Thu 2nd – Sun 26th August 2018


Amy Barrett

at 10:09 on 5th Aug 2018



Catherine Cranfield’s Flushed invites everyone on a trip to the girls’ toilet. The show follows a standard night out with wonky eyeliner, drunken singing to ABBA, and, of course, no loo roll left in the cubicle. However, this night out comes with a twist; Marnie is diagnosed with Premature Ovarian Insufficiency.

With an ambiguous title, and a set of just two toilets, I had little idea what to expect of the narrative. Yet it quickly became clear that Flushed tells the story of two sisters, Marnie and Jen muddling through their twenties in a girl’s favourite place; the bathroom. ‘Girl code’ states different bathrooms have different purposes and Flushed demonstrates this perfectly, making men finally understand why girls go to the toilet together. But while Initially relatable and comedic, Flushed takes a dark turn when Marnie’s early menopause takes its toll on both sisters’ lives.

Georgia Phillips (Marnie) and Iona Champain (Jen) should be commended for their roles as they ably struck the balance between a comedic, carefree, sisterly relationship, and family trauma. Phillips in particular mastered the nuances of her vocal expressions according to which bathroom situation the girls were in: over-exaggerated tones when chatting through toilet cubicles, desperate whispers on her bathroom floor whilst accepting her newfound condition, and the agitated, whilst caring, voice you put on whilst rubbing your friend’s back when they’ve drunk too much at a party were all excellently performed.

The technical team must also be commended for their use of sound. Whilst the songs had been judiciously selected, it was the subtle muffling of club anthems underscoring the girls’ deep toilet conversations that successfully transported the audience to cubicles with them. This, alongside the contemporary references and quickly paced script, made it easy for the audience to feel like they too are in the bathrooms, and subsequently sympathise with Marnie’s situation genuinely, as she feels like a friend as opposed to an actress.

Whilst I primarily enjoyed the production, there were a few factors who detracted from the show’s success. Champain’s performance often felt over-acted which perhaps lessened the severity of the production’s message; a reminder that Jen was not genuinely experiencing the highs and lows of her twenties for the first time. Furthermore, I often struggled to see the facial expressions of both actresses as much of the blocking required the girls to be sat on the floor. In a venue with an un-raised stage much of the expression was lost within these scenes, and I would sometimes become distracted as they fell out of sight.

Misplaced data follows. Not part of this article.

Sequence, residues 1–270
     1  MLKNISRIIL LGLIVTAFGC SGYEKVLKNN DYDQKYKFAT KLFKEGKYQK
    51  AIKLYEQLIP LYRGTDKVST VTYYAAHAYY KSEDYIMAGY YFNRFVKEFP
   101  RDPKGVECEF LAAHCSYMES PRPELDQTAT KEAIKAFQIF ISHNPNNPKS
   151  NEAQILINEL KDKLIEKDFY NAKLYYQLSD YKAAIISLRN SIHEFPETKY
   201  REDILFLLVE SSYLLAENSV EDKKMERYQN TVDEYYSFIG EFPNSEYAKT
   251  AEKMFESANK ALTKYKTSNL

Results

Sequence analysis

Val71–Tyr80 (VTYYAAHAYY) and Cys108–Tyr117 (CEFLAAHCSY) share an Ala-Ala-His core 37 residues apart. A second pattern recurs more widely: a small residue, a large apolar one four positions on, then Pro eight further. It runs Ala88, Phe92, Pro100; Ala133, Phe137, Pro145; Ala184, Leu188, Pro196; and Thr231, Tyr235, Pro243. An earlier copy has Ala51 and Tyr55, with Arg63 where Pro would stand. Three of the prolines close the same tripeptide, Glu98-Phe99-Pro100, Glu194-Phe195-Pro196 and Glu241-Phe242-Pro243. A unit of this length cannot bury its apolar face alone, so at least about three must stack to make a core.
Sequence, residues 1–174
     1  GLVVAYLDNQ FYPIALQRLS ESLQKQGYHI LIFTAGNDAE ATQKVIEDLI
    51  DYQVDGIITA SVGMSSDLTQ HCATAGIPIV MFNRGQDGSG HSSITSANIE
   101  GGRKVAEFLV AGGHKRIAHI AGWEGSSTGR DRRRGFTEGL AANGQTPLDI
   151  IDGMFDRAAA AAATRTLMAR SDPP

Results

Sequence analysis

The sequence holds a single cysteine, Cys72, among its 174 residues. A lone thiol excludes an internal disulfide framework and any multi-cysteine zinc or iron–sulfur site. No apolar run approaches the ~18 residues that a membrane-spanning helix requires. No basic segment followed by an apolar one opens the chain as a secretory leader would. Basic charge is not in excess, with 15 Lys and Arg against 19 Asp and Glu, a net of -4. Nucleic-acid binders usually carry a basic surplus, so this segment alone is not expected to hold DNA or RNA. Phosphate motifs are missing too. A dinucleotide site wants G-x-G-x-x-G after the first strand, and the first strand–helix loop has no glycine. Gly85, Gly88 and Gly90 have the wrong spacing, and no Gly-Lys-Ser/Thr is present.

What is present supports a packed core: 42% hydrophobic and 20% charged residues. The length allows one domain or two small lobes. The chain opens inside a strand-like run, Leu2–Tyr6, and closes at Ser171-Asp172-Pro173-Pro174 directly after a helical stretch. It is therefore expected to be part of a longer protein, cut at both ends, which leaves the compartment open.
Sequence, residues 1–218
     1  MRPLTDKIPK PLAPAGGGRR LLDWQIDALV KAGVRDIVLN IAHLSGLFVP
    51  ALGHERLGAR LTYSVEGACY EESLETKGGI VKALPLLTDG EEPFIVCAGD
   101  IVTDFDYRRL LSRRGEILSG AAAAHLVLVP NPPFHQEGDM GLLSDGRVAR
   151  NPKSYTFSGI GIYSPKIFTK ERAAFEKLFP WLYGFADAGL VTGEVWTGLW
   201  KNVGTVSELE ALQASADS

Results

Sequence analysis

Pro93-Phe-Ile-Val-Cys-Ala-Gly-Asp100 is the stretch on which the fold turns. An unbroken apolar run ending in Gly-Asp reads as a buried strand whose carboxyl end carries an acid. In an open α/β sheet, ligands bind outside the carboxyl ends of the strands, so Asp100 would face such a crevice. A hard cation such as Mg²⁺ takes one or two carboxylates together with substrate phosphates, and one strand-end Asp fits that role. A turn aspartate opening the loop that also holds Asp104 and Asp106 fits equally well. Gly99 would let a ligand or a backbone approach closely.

Flushed is a poignant piece of theatre that allows you to laugh, resonate and sympathise, while raising awareness of Premature Ovarian Insufficiency. In more than one sense, it’s a trip to the ladies room you will never forget.


Ella Gryf-Lowczowska

at 10:18 on 5th Aug 2018



Flushed brought tears to my eyes.

No really, after the final applause I made a hasty get away and then plonked myself down on a window sill and sobbed uncontrollably, much to the disconcertion of the customers sat inside Pizza Express…

The play is a sister act filled with tenderness, grief, and a whole lot of FEMALE STRENGTH. Marnie and her younger sister Jen obviously experience many of the same anxieties and cheerful frivolities that all girls do, like worrying about the impression created when one spends ages doing a poo on a first date and then laughing about it afterwards whilst belting out Dancing Queen because, apparently, “we owe it to Meryl”. Clad in pink on black and black on pink respectively, Marnie and Jen are inseparable but dissimilar. Jen is clearly somewhat of a childish character, who lives off her big sister’s income and parties all night until the drinks stage their reappearance in the toilet basin. Marnie, on the other hand, is a responsible character. Marnie is instinctively caring and endlessly generous to her kid sister; she teaches primary school children and spends her Sunday afternoons in The White Company, cooing over ‘adorable’ children’s footwear. But the happy life that Marnie seemed destined for is viciously wrenched out of her hands by something that many of us will probably never have to experience: premature ovarian insufficiency. Basically, early menopause. With that one diagnosis Marnie’s dreams are flushed away by fate.

Georgia Phillips delivers a stellar performance as Marnie and Iona Champain added more than just a touch of amusement. In fact, one of the major strengths of this play is its humour; the gaffes that the sister’s share and the jokes that Jen comes out with are very original and highly relatable. Catherine Cranefield’s masterful writing completely disguises the fact that Flushed is the debut production of the new Manchester-based fringe theatre company Theatre Unlocked. Ms Cranefield’s intention was to bring awareness to the horrible reality that confronts women who are told that they are “barren” and forever unable to have children of their own. The two modest toilets that constituted the set served the actresses well as they demonstrated the physical challenges of premature ovarian insufficiency, while simultaneously capturing the solidarity that women share in all bathroom-related matters.

I pride myself on being a harsh critic, however I cannot find fault with this play. It is rare to come across a play that is heart-warming as well as heart-rending, and educational as well as accessible. Flushed has set the bar very high indeed. You would be foolish to miss it.


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